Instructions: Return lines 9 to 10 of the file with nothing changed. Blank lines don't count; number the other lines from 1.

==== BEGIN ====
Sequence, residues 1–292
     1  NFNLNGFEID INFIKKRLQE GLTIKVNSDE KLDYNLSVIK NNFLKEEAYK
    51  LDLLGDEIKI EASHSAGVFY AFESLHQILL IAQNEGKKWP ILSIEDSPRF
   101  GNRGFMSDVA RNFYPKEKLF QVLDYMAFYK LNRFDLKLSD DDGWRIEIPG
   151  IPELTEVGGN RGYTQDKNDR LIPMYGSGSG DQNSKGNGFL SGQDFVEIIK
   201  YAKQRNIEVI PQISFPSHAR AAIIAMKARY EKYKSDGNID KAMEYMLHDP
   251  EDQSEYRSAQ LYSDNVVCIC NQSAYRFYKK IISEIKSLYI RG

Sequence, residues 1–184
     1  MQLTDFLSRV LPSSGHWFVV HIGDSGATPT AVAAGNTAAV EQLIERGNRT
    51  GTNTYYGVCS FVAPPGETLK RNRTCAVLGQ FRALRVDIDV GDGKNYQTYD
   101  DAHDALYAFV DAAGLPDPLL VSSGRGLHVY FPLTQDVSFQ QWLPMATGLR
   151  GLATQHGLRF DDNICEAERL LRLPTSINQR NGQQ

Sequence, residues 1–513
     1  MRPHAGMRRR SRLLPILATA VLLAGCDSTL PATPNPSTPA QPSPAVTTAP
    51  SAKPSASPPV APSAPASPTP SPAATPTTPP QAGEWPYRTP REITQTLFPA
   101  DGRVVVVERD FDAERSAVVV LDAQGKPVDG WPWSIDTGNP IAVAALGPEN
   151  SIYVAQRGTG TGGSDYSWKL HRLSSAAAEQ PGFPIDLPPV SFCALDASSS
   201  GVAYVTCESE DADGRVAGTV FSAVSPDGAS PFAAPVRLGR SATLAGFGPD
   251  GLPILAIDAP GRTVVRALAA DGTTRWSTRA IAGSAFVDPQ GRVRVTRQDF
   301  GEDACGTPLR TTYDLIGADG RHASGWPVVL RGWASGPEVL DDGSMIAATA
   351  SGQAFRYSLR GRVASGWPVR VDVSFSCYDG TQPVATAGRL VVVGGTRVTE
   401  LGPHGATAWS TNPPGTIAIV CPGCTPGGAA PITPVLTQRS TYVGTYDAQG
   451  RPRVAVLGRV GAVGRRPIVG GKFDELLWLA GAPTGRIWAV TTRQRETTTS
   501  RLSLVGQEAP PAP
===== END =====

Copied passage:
     1  MQLTDFLSRV LPSSGHWFVV HIGDSGATPT AVAAGNTAAV EQLIERGNRT
    51  GTNTYYGVCS FVAPPGETLK RNRTCAVLGQ FRALRVDIDV GDGKNYQTYD